August 09, 2004
Reinventing the Trade Show
I always feel like such a synchophant when I do a trackback to Godin.
One of the inside jokes at every IAEM meeting is that "If we had the opportunity to recreate the trade show industry from scratch, it wouldn't look anything like it does."
But who's got the stugots do it differently? In Godin's post, he suggests that Chinese government is autocratic enough to impose its will on what a car for its citizenry should look like. And in doing so, they could create an entirely new idea of "the car". Unfortunately, China hasn't done this with trade shows. The same tired models used across Asia have been already been implemented.
But what if that wasn't the case. And what if we could develop new models for say, Iraq (only using them as its convenient). Or what if you were to launch a competitive show against one of the big boys in the US? What might you do? Here are some ideas, some of which progressive organizers are already implementing:
* low cost or free area for small companies to introduce themselves to your audience
* new product introduction area for attendees and press
* one set price for exhibits, including drayage and common services
* universal or open source lead acquisition and management applications
* matchmaking services - including technology that 'pings' attendees to matches on the exhibit floor
* continuous post-show lead generation and on-demand estimates/purchase capability
* aesthetically appealing modular exhibits to replace pipe-and-drape
* pre-screened attendance
* traffic monitors throughout venue - could be used to monetize specific positions
* full, accurate (and honest) reporting of attendee data according to BPA or other standards
* alternative space designs - concentric circles, triangular booths, etc.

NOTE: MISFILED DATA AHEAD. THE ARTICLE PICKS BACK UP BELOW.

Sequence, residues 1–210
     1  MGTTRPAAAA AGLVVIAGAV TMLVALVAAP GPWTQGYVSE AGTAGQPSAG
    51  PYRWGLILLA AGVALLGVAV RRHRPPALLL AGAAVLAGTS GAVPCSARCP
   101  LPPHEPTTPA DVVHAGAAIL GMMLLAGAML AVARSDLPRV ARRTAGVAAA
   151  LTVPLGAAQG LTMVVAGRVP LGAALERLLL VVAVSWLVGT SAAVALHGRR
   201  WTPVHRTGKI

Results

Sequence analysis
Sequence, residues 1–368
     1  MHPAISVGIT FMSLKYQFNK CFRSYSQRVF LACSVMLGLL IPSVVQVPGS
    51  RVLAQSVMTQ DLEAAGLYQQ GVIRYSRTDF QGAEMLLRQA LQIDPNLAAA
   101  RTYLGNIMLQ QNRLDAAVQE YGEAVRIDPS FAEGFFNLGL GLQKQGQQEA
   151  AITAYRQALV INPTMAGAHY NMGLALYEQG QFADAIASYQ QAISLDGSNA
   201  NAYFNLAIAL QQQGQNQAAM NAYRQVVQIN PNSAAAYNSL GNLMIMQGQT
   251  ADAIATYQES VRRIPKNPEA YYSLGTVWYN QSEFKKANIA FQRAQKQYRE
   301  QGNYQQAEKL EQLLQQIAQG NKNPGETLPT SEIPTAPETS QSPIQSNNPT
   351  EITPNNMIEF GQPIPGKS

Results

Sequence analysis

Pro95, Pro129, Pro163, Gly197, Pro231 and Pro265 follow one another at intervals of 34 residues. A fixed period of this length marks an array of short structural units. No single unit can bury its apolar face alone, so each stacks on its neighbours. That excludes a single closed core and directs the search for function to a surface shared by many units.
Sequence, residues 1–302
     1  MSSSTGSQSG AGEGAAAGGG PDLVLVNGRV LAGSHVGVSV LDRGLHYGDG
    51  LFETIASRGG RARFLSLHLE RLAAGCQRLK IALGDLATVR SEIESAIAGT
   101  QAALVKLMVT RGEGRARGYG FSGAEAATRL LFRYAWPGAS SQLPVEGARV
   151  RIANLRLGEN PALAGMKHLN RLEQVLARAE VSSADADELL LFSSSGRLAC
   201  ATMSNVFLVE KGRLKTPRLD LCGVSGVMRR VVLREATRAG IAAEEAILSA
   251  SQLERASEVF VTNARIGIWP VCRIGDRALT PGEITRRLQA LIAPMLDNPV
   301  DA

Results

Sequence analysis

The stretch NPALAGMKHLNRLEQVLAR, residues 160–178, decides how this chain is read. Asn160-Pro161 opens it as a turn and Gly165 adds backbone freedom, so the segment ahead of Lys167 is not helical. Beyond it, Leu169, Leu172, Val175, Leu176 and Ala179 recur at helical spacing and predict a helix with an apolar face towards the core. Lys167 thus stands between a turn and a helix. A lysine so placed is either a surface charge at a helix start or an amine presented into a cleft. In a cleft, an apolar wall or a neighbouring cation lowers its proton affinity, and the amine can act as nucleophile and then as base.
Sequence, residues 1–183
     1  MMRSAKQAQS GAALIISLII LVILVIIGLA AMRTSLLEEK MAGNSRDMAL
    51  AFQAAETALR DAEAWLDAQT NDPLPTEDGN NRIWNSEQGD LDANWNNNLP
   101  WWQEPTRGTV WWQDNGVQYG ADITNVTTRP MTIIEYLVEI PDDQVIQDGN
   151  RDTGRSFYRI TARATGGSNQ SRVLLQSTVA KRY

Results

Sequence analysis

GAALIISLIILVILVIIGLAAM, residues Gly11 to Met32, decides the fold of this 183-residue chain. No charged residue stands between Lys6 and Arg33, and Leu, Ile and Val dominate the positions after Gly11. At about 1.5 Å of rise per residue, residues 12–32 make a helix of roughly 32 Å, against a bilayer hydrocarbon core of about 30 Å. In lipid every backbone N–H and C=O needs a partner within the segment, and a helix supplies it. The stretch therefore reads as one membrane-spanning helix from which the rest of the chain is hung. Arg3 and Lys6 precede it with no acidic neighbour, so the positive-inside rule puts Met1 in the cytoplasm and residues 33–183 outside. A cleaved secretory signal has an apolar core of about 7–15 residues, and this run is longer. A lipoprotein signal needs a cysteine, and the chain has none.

* portable "badges" - usable for any show, anywhere
* 8-minute dating concepts used to interview exhibitors or network with other attendees
* speaker mentoring post-event for conference attendees
* availability of on-demand cable (broadband) convention television programming
* attendee-driven meetings/sessions
* 'reward programs' for attendees who purchase from exhibitors as a direct result of attending
* feedback loop mechanisms for attendees to rate exhibitors and influence exhibitor behavior
* non-traditional sponsorships, i.e. consumer products at B2B events
* labor selection, usage and pricing
* privately financed and operated venues with private labor
* personal climate controls in meeting rooms
* attrition-free hotel agreements based on total dollar spend, not room bookings or other model
* wireless access everywhere
These are just a few ideas off the top of one person's head. If you had the opportunity to start from scratch, what would you do differently? It's a question that demands consideration. And I think you'll find that for many of the ideas you come up with, there's really no reason to wait.
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